Health centre in York set to provide up to 30 new treatment rooms
Health services at Askham Bar are set to grow after city planners recommended approval.
York-based NHS provider Nimbuscare has applied to City of York Council asking for permission to keep their site at Askham Bar running for another 18 months.
The former park and ride site between the Tesco Superstore and Moor Lane was turned into a Covid vaccination centre in 2020.
But the emergency permitted development rights which allowed this to happen expired in December.
With demand for vaccinations now at a much lower level, Nimbuscare also wants to add two new temporary buildings to what they call the Askham Bar Community Care Centre.
The organisation, which operates 11 GP surgeries across York, described it as “an exciting new model of holistic community-based care”.
It is not a GP surgery or a community hospital, but will help to reduce pressure on other NHS services.
If approved, the centre would provide 20 to 30 treatment rooms, plus space for office and admin staff.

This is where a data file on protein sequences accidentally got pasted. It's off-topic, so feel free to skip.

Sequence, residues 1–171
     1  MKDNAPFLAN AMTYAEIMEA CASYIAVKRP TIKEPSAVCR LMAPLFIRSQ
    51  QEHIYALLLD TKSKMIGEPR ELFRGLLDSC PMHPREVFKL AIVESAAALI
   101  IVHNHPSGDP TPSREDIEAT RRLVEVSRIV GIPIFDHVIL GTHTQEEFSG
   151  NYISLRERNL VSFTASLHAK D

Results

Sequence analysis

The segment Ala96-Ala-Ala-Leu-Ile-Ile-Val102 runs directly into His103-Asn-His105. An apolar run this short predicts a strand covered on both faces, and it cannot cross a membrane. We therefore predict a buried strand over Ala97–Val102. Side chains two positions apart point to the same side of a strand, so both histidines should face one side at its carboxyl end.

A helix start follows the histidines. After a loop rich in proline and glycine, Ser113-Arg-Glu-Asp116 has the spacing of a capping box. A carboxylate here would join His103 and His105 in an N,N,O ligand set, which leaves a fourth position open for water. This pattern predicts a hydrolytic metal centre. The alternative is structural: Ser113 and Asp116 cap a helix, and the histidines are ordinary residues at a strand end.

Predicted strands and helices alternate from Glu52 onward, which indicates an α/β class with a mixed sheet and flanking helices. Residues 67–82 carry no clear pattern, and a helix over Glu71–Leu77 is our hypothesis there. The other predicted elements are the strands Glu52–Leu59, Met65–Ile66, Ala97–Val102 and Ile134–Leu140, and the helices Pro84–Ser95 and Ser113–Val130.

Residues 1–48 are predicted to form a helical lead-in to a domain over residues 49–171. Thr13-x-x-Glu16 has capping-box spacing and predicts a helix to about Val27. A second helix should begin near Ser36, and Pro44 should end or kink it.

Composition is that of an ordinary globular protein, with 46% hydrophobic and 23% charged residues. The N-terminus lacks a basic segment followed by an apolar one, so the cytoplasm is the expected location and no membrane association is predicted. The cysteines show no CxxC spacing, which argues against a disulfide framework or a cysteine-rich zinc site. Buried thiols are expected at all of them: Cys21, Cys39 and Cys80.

The health centre would open from 8am to 8pm, Monday to Saturday, and from 8am to 2pm on Sundays. Some 50-70 clinical staff plus 10 admin staff would be employed.
The centre would focus on providing a range of services that residents would previously have had to travel for, including blood-taking, ultrasound, retinal screening and respiratory treatments.
The Department of Work and Pensions and Citizens Advice would also have staff on hand for advice and support.
Nimbuscare said in its application: “It is a place where several health, care and voluntary providers can work together to connect people and treat more than just ill health.
“Community Care Centres host community volunteers, social workers, council services and carers who will also offer that care and support.
“It has been specially designed so not all rooms or spaces feel clinical. The aim is to develop an experience where people are given more holistic care, where the whole person or family is treated, and they are not just a number on a clinic list.”
The council’s draft Local Plan envisages the site will eventually be used for 60 homes, but as the Nimbuscare application is for temporary use it is “not considered to prejudice the bringing forward of the site for housing development in due course”, council planners said in their report.
Their report added: “The continued temporary use of the site for health care purposes, retaining and expanding the existing modular buildings is considered acceptable in principle. The site is in a sustainable location and there would be no harm to visual or neighbour amenity.”
A council planning committee will vote on the proposal on Wednesday, February 8.